Noise is an important factor to consider, especially if you don’t want to wake the baby while vacuuming. Newer models are a lot quieter than they used to be, and anything around 60 dB is considered decent, while vacuum cleaners with noise levels in the 80 dB range are still acceptable. To give you an idea of what noise levels you are going to face, a moving motorcycle has a noise level of about 100 db while a conversation is in the 60 dB range.

An easy-to-maintain vacuum cleaner is key, if you want to extend the lifespan of your machine or you don’t want to dread taking out the vacuum every time. For bagged canister models, bags need to be replaced every time it’s full. For bagless vacuum cleaners, you will need to empty the canister regularly. A smaller dust canister capacity will mean more frequent emptying. Check to see if filters can be taken out easily and washed. Regular maintenance and replacement of the filters will enhance the lifespan of your vacuum cleaner.

Types of Vacuum Cleaners: Which Should I Get


A Comprehensive Guide to Buying a Vacuum CleanerFeatured: Dyson V10 Absolute

What is it: One of the more popular vacuum cleaner types in Singapore, the handstick vacuum is prized for its slim profile, making storage less of a hassle. Run on batteries, they are usually cordless, making them easy to manoeuvre around the home.

Pros: Flexible and lightweight. It’s not as backbreaking to use it as compared to canister types. Some brands also allow you to switch to handheld for those hard-to-reach spots.

Cons: Battery life tends to run out quickly, especially on high power mode. They don’t offer a deep enough clean, unlike with canister vacuums.

Get this if: You just need a vacuum cleaner that cleans quickly and efficiently.


A Comprehensive Guide to Buying a Vacuum CleanerFeatured: Xiaomi Roborock

What is it: Flat metal machines that map out your space before going around your home to clean your floor. Most are smart enough to navigate between furniture.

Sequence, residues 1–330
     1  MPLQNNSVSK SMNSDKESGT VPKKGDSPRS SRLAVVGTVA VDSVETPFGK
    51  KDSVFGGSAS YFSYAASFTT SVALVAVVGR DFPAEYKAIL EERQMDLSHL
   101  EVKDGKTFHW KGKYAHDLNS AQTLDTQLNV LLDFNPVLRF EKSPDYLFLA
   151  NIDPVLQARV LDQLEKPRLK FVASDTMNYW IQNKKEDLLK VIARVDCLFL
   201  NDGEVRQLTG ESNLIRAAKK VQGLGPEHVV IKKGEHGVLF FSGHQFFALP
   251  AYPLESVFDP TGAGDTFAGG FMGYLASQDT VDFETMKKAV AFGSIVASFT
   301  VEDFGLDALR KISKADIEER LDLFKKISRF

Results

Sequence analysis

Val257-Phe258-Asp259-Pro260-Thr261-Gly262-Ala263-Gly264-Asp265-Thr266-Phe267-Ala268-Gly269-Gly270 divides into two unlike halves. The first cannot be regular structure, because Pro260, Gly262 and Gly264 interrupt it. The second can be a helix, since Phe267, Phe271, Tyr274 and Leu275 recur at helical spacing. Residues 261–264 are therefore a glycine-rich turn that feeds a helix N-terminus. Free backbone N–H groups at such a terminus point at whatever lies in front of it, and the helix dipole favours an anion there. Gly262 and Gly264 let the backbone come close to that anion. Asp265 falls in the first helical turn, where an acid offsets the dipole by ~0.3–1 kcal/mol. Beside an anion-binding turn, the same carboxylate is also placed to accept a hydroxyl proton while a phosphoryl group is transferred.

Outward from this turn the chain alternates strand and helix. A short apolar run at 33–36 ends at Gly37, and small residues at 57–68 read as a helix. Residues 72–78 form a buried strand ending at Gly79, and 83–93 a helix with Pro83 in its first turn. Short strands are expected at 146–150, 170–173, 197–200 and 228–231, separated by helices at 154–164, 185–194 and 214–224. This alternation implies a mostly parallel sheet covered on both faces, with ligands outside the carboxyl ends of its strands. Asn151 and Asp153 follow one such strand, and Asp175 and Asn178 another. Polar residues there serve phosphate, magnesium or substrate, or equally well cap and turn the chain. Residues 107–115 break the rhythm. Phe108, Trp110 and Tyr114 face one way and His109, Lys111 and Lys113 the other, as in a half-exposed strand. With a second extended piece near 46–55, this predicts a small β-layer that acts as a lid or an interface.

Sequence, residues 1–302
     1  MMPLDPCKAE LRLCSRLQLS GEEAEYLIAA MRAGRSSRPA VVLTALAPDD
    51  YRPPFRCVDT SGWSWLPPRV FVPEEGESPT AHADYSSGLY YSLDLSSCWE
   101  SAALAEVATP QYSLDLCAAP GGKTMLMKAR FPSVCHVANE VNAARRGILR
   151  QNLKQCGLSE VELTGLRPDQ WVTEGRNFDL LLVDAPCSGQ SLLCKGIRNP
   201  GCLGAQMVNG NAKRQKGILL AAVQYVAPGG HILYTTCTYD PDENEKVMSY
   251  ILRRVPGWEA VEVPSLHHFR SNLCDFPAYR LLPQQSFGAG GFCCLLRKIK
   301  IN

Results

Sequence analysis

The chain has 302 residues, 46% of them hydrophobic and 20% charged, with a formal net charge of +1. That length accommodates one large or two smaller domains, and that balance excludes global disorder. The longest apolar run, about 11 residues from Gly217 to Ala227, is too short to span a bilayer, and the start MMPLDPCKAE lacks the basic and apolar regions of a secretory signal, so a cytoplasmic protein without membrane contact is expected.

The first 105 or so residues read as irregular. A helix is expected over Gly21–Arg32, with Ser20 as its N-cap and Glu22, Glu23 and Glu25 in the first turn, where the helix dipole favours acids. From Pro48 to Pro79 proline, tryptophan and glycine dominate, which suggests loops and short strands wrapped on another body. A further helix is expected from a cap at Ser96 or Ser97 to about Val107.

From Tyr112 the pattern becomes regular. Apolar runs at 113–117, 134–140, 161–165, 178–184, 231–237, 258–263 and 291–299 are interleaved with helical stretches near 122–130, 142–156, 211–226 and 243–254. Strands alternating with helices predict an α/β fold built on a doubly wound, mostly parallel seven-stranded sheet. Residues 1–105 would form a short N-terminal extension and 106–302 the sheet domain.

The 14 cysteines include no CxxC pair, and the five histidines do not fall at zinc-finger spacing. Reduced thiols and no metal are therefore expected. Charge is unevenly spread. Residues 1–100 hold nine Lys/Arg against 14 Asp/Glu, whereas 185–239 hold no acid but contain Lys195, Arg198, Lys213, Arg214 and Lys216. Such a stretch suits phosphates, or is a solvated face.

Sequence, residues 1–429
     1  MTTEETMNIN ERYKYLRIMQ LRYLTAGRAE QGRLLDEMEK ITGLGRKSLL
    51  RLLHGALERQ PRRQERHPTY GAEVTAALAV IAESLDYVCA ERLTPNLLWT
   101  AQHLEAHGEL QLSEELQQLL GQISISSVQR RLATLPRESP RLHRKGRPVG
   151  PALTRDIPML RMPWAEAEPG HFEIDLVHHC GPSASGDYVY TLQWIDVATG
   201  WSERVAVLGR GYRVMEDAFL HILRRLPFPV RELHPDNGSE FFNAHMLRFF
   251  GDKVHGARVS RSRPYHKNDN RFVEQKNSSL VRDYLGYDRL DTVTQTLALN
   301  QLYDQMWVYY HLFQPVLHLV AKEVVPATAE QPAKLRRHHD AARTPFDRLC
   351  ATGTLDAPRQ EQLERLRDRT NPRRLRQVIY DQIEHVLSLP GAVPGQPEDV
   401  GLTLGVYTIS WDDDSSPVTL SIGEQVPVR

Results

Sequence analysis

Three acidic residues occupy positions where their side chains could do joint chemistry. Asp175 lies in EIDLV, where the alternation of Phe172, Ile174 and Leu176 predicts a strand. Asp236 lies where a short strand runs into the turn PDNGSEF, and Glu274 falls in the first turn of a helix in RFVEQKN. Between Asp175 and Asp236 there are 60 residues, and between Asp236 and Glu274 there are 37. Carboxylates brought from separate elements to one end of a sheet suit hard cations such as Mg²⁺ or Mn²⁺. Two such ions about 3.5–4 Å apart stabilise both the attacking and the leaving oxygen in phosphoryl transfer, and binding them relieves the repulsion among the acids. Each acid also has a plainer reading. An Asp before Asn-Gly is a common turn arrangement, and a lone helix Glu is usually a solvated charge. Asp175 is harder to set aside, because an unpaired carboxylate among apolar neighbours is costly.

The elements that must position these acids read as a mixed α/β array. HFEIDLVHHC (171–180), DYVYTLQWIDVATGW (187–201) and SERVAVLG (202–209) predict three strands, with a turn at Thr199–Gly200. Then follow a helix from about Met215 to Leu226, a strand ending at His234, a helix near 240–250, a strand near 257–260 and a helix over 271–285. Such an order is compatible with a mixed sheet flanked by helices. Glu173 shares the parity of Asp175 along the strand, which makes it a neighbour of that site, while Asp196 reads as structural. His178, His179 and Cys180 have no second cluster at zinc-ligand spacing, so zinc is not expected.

Pros: You can schedule your robot vacuum to clean when you are out of the house, allowing you to come home to (relatively) clean floors every day.

Cons: Not as clean as canisters or handsticks, and they are not flexible enough to reach tight corners. They also sometimes get stuck on carpets and rugs.

Get this if: You are busy (or lazy) and can only afford some time each week to do a full-fledged vacuum. Best used as a complement vacuum cleaner.


A Comprehensive Guide to Buying a Vacuum CleanerFeatured: Philips FC9352 PowerPro Compact Bagless Vacuum Cleaner

What is it: These vacuum cleaners comprise a vacuum head attached to a long flexible hose that is connected to a canister, where the vacuum motor is.

Pros: Suitable for a wide range of cleaning, including carpets. Vacuum attached to flexible hose mean you can reach a lot of places, including tight corners.

Cons: Bulky, so storage will be a hassle. Have to bend while vacuuming. Usually corded, so you might have to plug them in and out when you move them around.

Get this if: You want a tough vacuum cleaner that can take a wide variety of cleaning and hard-to-reach crevices. Tip: Go with bagless models if you don’t want to have to keep buying extra bags.


A Comprehensive Guide to Buying a Vacuum CleanerFeatured: Electrolux ZB6106WD Rapido Wet & Dry Handheld Vacuum Cleaner

What is it: These smaller vacuum cleaners are suited for smaller jobs and spot cleaning. Can be used on surfaces other than the floor, such as countertops, between the crevices of your couch or your mattress.

Pros: Clear away mess quickly.

Cons: Not so powerful. Best used alongside other vacuum cleaners.

Get this if: You need to clean other surfaces other than the floor.

This article was originally posted on Renonation.sg, Singapore’s leading renovation and interior design site.